To me the story was tame compared to previous installments. We do get some action, but it doesn’t happen until the end when they confront the Fae. Most of the book is about horses and Anna wanting a child. Briggs does a wonderful job on the detail with the breeds, gaits, temperament, etc.. As an equestrian it was a little much, but for those that may not know about horses and all the aspects involved with breeding, showing, etc.. it’s probably helpful. To me, it became redundant. As for the kid aspect. I found the options Anna shared viable and Charles concerns legitimate. It would be nice if they could have children, but we know why the wolves can’t carry to term.

 

I did enjoy learning more about Charles and seeing a different side to him. His relationship with Joseph was wonderful; however I wasn’t happy with Maggie’s role aka the ex. Leslie Fisher the FBI agent showed back up to help with the missing kids. And, Anna and Charles characters continue to grow.

 

I will say that Briggs is an amazing writer. She knows how to make her characters interesting and to keep adding to the world and growth. I like Anna and Charles, but Mercy Thompson will always be my favorite.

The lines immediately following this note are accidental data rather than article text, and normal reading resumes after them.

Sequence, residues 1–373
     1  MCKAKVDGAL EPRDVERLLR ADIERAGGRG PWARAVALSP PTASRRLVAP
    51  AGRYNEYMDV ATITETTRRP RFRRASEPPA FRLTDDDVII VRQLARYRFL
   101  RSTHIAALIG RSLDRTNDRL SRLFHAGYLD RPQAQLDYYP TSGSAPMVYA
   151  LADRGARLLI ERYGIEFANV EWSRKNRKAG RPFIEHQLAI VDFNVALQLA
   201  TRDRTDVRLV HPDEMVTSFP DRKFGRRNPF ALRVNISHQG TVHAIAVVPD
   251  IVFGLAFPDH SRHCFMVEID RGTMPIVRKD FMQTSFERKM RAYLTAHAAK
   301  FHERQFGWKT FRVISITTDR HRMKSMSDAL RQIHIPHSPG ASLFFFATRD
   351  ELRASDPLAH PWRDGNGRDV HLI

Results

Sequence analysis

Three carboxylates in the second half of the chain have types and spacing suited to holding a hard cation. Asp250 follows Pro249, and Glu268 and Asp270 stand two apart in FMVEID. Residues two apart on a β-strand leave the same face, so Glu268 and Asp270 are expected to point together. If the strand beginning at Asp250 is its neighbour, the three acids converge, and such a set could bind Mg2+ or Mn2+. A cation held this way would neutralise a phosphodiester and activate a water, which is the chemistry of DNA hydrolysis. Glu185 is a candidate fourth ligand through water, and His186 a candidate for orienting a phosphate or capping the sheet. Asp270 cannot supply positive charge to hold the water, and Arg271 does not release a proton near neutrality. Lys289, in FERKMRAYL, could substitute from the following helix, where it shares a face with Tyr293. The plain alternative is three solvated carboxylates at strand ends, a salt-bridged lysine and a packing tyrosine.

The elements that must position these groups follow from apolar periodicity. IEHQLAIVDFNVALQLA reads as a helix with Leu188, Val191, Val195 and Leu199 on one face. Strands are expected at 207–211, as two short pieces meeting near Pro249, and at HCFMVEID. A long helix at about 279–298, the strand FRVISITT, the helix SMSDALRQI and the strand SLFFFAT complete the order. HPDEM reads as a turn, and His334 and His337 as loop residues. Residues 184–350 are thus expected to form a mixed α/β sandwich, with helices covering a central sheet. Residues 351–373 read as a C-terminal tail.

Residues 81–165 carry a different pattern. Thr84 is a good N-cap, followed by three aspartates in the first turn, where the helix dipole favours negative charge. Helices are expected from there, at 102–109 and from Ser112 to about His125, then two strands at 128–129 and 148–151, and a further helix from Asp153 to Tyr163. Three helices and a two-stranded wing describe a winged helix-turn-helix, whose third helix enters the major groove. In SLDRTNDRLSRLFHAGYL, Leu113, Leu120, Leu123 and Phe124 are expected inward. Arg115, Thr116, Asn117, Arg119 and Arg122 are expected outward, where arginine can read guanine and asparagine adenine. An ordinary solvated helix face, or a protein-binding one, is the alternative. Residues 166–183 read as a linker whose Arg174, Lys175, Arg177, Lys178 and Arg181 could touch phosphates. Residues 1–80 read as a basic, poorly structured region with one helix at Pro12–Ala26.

Audio Narration: I love the audiobooks for the Alpha & Omega series. Holter Graham did a superb job. He is perfect for the narration of this series. The voices of all the character’s come to life with him. I highly recommend the audiobooks.

 

Rated: 3 Stars

 

Was this review helpful? If so, please consider liking it on Goodreads (Angela)!

 

Challenge(s) (2018): Audiobook – March Take Control of Your TBR

 

 

 

 

 

 

I was born and raised in Northern Indiana. I’m an outdoor sun loving reader living near San Fransisco. I’m a mother, wife, dog owner, animal, and book lover. I’m the owner, reviewer, and mind behind Angel’s Guilty Pleasures. My favorite animals are horses & dogs. As for reading I love all things paranormal & urban fantasy. My favorite shifters are dragons!